One of the cards revealed for Oath of the Gatewatch is the basic land Wastes with a new diamond symbol instead of one of the existing mana symbols. We also saw Kozilek, the Great Distortion, which has two of that new symbol in the cost.

What does the symbol represent? How does it work? Is it a color? Can I create it with an effect that says "add one mana of any color to your mana pool"? Will this symbol be errata'd onto any existing cards?

What does Wastes do? Does it have any important differences from other basic lands?

1 Answer 1


Short answer

  • In a cost, the new diamond symbol {C} can only be paid with colorless, while {1} can be paid with any color or colorless.
  • In an effect that adds mana to a mana pool, {C} means the same thing as {1}. Cards that are printed with "Add {1} to your mana pool" have received errata to add {C} instead (e.g. Unknown Shores).
    • Likewise, cards that add {2}, {3}, etc have been updated to use the corresponding number of {C} symbols (e.g. Palladium Myr, Thran Dynamo)
  • Colorless mana doesn't work any differently (colorless is still not a color, and you can't pick "colorless" if asked to pick a color).
  • Wastes taps for 1 colorless mana. It's also Basic, so you can have more than 4 in a deck. It has no subtypes, so you can't pick "Wastes" if asked to choose a basic land type.

The official Oath of the Gatewatch mechanics guide includes a detailed description of this.

Long answer

The diamond symbol

The new diamond symbol is the new symbol for colorless mana, and it is written as {C} in text. Rule 107.4c says

The colorless mana symbol {C} is used to represent one colorless mana, and also to represent a cost that can be paid only with one colorless mana.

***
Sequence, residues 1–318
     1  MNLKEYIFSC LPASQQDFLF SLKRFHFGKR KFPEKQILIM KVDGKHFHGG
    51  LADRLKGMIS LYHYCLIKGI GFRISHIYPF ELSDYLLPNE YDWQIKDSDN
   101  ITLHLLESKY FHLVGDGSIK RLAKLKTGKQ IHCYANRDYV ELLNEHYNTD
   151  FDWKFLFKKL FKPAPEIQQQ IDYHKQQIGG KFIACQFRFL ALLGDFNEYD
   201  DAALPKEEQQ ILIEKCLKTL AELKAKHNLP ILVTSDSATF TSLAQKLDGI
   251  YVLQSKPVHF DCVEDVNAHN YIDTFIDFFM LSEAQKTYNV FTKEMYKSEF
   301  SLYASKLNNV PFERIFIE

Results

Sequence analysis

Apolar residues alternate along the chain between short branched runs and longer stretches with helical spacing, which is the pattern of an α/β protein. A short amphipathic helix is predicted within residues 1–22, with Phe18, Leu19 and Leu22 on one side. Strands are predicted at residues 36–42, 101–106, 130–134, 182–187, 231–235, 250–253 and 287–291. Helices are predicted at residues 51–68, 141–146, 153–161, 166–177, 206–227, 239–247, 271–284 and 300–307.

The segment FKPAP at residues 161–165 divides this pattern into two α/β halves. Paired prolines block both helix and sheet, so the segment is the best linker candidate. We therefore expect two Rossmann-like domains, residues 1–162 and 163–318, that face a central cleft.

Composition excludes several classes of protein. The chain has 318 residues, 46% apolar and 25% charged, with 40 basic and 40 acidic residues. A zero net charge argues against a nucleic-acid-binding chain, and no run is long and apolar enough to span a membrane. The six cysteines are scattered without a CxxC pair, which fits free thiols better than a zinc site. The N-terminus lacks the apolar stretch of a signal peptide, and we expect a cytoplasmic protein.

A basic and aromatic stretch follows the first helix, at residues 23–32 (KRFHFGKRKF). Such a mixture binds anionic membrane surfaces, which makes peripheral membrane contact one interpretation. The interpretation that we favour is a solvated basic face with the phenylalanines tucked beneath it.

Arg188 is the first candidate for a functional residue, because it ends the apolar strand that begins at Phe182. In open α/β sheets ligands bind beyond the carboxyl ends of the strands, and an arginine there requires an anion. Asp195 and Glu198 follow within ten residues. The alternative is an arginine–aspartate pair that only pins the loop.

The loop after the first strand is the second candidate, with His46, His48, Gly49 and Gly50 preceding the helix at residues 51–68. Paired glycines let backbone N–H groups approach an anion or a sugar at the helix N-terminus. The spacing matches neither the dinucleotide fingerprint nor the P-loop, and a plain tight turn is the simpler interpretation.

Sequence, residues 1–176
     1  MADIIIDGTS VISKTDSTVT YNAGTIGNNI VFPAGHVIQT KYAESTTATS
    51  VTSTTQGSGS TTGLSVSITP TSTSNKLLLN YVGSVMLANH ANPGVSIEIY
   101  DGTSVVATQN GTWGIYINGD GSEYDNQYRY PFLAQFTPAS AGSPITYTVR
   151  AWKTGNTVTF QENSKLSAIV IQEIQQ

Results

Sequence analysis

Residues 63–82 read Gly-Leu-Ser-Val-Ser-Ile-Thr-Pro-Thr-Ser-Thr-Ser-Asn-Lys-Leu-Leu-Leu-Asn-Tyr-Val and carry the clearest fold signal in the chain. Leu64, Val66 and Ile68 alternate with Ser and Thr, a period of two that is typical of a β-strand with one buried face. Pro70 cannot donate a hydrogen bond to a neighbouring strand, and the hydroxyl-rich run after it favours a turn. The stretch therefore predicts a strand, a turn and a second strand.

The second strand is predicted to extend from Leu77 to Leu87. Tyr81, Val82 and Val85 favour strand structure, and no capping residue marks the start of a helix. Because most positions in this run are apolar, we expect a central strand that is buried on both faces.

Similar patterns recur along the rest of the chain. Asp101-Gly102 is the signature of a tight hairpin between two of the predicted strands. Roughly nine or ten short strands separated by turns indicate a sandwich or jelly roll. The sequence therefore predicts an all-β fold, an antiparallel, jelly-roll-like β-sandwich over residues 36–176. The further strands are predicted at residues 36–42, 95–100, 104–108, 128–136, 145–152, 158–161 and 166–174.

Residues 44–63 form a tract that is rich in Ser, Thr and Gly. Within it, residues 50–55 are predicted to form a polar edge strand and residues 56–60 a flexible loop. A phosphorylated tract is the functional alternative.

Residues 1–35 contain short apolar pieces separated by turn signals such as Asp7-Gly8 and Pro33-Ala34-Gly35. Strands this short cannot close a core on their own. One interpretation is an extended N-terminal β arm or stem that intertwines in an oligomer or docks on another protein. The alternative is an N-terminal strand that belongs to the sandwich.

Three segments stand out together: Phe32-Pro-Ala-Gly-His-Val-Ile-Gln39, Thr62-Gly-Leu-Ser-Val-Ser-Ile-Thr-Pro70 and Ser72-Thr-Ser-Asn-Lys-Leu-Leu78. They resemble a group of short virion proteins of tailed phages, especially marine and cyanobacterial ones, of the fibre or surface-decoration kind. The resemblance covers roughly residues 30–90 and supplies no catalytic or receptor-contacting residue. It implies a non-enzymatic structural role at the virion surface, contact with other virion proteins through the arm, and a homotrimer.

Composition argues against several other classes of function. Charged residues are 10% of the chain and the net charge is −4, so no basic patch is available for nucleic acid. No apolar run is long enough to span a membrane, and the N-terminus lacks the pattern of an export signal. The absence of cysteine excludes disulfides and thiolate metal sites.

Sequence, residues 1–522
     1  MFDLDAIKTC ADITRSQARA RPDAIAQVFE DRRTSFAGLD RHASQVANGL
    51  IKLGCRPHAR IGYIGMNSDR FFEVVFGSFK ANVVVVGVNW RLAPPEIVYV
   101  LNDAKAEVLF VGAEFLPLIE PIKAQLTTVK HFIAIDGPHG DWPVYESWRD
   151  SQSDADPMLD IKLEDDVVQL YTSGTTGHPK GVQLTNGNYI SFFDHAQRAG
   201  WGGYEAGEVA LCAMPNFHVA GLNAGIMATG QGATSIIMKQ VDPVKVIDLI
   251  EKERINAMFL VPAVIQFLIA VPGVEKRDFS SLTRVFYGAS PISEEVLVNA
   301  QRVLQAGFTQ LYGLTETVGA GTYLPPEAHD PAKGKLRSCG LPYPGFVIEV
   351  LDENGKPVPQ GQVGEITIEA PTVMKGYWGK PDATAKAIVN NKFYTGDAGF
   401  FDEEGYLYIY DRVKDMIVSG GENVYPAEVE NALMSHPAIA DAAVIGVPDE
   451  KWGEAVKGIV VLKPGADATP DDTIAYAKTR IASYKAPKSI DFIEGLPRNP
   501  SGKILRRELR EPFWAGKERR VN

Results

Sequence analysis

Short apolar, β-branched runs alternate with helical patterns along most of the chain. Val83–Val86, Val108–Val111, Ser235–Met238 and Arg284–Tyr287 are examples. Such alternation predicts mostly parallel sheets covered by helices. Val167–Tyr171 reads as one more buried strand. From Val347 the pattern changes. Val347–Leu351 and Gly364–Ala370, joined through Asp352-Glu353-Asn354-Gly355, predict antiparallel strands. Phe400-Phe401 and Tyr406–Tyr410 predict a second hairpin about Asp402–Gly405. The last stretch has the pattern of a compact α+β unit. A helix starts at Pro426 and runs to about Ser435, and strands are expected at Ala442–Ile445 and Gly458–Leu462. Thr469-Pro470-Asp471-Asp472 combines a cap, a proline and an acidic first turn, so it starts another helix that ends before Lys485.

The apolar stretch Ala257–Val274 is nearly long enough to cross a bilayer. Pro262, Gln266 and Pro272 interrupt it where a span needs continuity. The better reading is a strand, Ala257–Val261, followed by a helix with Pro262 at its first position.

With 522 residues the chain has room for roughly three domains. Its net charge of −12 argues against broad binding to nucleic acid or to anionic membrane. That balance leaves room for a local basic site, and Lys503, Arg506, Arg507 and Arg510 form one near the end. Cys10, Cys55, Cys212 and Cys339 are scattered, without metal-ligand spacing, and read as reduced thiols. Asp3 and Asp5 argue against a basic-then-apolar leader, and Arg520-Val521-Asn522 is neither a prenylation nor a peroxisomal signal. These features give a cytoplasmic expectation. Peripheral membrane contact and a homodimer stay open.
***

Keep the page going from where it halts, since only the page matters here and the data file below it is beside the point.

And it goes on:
In an ability that generates mana (i.e. "add {C}"), it adds colorless mana to your mana pool, exactly as the abilities on Reliquary Tower and Ancient Tomb currently do. In a cost, like on the new Kozilek, it represents a mana cost that can only be paid with colorless mana. Kozilek costs {8}{C}{C}, so its cost can be paid with 8 mana of any type, and 2 mana that must be colorless. This exactly mirrors how colored symbols work in costs: a cost of {8}{G}{G} can be paid with 8 mana of any type and 2 mana that must be green.

Rule 105 has the following subrules

105.1. There are five colors in the Magic game: white, blue, black, red, and green.

105.4. If a player is asked to choose a color, he or she must choose one of the five colors. “Multicolored” is not a color. Neither is “colorless.”

Colorless is specifically not a color, and you cannot choose it when making mana of any color. Mark Rosewater (the Head Designer for Wizards) has stated this repeatedly in the context of Oath of the Gatewatch.

The oracle text of every card that generates colorless mana has been updated to use {C} to represent colorless mana.

And rule 107.4b says

Numerical symbols (such as {1}) and variable symbols (such as {X}) represent generic mana in costs. Generic mana in costs can be paid with any type of mana. For more information about {X}, see rule 107.3

So nothing about generic mana has changed. Costs with numeric and variable symbols can be paid with any type of mana, as it has always been.

This change has no effect on mana cost reduction effects. Rule 117.7a says

Effects that reduce a cost by an amount of generic mana affect only the generic mana component of that cost. They can’t affect the colored or colorless mana components of that cost.